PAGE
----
to change her course. The speed in the meantime had strangely increased.
I opened my eyes at once. All round me were little ripples, combing over with a sharp, bristling sound and slightly phosphorescent. The Hispaniola herself, a few yards in whose wake I was still being whirled along, seemed to stagger in her course, and I saw her spars toss a little against the blackness of the night; nay, as I looked longer, I made sure she also was wheeling to the southward.
I glanced over my shoulder, and my heart jumped against my ribs. There, right behind me, was the glow of the camp-fire. The current had turned at right angles, sweeping round along with it the tall schooner and the little dancing coracle; ever quickening, ever bubbling higher, ever muttering louder, it went spinning through the narrows for the open sea.
Suddenly the schooner in front of me gave a violent yaw, turning, perhaps, through twenty degrees; and almost at the same moment one shout followed another from on board; I could hear feet pounding on the companion ladder; and I knew that the two drunkards had at last been interrupted in their quarrel and awakened to a sense of their disaster.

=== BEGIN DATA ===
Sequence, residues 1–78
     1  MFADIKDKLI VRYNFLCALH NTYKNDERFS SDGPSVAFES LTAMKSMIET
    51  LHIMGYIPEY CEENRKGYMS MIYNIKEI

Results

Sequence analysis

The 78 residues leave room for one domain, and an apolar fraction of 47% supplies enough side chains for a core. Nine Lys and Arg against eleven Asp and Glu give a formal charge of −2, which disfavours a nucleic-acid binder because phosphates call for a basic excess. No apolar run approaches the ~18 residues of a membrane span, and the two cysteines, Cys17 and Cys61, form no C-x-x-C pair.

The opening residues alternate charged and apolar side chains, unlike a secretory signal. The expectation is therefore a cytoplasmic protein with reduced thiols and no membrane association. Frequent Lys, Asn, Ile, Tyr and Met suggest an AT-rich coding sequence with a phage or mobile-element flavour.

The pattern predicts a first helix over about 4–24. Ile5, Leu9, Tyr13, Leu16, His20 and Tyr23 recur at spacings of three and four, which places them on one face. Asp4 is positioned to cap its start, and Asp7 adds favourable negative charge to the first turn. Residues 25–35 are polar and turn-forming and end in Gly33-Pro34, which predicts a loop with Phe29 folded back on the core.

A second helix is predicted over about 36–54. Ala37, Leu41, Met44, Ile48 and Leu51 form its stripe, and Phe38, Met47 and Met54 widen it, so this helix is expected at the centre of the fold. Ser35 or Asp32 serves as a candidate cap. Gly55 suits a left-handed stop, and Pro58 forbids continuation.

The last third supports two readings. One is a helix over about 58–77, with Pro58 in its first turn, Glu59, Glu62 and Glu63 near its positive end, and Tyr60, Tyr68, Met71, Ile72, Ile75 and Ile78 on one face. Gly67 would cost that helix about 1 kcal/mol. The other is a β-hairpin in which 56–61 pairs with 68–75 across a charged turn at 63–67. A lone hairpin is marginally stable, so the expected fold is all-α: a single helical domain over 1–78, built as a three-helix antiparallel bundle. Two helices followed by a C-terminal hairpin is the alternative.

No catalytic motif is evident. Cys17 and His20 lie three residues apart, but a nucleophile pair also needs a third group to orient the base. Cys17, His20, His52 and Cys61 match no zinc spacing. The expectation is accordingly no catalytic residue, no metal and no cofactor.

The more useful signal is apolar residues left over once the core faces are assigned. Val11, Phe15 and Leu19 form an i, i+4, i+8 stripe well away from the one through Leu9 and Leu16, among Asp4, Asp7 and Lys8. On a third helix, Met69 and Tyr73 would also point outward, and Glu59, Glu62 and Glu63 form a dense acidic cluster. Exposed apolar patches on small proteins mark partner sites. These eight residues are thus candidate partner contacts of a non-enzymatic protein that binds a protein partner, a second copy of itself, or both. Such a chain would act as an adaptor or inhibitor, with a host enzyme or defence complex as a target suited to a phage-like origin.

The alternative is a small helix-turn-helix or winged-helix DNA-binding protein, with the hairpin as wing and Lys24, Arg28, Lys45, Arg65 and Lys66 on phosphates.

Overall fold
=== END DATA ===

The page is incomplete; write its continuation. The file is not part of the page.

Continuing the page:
I lay down flat in the bottom of that wretched skiff, and devoutly recommended my spirit to its Maker. At the end of the straits, I made sure we must fall into some bar of raging breakers, where all my troubles would be ended speedily; and though I